I call it:

Not Just Cottage Cheese

1 pound cottage cheese, drained

1 cup chopped fresh spinach

1/2 cup chopped green onions

1 tablespoon blue cheese dressing

1 tablespoon Italian dressing

1 tablespoon dill weed or basil

1 tablespoon seasoned salt

Additional salt, black pepper, Tabasco or other hot sauce to taste

Combine all ingredients and chill. Serve with crudites, or crackers, or stuffed into tomatoes or cucumber boats.

Edited by Jaymes (log)

I don't understand why rappers have to hunch over while they stomp around the stage hollering.  It hurts my back to watch them. On the other hand, I've been thinking that perhaps I should start a rap group here at the Old Folks' Home.  Most of us already walk like that.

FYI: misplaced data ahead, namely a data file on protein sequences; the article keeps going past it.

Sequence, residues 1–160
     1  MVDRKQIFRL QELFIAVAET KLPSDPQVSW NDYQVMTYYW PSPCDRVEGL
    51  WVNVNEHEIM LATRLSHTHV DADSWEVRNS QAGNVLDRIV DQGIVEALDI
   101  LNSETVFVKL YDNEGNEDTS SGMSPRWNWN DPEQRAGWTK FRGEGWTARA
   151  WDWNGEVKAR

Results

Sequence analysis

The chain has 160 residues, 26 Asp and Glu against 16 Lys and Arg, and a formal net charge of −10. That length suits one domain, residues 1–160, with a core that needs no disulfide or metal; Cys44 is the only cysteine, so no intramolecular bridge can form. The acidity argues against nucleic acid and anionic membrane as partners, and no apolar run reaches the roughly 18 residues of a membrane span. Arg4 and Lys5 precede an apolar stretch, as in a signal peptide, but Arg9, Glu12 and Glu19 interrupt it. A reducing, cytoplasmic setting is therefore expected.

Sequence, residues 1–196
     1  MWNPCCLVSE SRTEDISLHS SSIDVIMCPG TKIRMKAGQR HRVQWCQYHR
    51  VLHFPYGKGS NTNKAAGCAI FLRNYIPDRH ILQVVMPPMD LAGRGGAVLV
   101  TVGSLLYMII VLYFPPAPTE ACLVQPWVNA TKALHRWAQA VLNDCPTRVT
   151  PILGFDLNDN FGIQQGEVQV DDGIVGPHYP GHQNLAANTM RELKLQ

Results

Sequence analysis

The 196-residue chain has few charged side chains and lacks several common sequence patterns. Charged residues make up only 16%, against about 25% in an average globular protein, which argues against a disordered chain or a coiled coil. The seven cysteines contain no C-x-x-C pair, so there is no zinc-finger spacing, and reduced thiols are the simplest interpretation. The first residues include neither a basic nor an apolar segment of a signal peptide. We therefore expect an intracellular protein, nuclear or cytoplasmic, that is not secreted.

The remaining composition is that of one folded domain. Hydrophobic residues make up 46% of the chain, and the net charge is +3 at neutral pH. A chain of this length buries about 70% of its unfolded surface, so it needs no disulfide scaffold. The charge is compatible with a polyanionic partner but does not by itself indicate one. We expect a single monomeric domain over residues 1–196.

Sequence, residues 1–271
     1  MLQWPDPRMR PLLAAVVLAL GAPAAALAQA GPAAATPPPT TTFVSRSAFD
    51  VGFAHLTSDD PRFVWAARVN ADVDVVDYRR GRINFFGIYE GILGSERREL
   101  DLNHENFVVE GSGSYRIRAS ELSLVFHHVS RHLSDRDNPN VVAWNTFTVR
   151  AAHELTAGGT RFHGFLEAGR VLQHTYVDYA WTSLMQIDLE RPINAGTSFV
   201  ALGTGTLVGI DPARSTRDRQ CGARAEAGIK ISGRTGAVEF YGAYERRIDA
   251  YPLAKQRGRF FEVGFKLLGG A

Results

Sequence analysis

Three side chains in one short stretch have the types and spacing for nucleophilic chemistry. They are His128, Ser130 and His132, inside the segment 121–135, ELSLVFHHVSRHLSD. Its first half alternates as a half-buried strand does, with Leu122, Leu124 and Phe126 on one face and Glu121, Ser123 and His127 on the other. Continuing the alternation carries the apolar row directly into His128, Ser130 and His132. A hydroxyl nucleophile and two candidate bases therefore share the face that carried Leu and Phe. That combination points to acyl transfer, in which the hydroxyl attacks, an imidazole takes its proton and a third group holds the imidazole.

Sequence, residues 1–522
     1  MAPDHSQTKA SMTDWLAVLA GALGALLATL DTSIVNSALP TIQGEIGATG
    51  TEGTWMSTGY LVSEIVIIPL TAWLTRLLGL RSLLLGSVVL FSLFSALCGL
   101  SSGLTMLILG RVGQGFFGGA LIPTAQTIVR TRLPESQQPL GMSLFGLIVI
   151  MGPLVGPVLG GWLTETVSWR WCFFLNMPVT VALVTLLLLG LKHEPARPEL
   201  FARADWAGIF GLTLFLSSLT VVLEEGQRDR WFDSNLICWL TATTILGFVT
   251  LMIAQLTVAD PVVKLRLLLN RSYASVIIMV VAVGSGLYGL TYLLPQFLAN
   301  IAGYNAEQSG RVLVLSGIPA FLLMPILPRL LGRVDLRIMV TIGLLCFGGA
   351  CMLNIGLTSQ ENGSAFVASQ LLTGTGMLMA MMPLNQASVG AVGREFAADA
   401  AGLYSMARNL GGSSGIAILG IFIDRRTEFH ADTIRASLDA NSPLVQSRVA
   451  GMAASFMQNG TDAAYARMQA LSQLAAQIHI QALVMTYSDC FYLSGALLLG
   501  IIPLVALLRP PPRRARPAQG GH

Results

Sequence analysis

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Petite diced tomatoes, Old Bay seasoning or Lawrey's Seasoned Salt. Or, leave out the pepper and go to the sweet side with golden raisins and toasted walnuts or pecans.

"Commit random acts of senseless kindness"

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I would switch to butter, use some ricotta to replace part or all the cottage cheese, add some parmesan, plus some nutmeg, and just a hint of tabasco (not enough to taste, just enough to brighten).

That's what I would do as well. Using real butter sounds essential.

Also try using homemade pasta, ricotta or cottage cheese to elevate the recipe, and add a few ultra thin slices of Parma ham on top.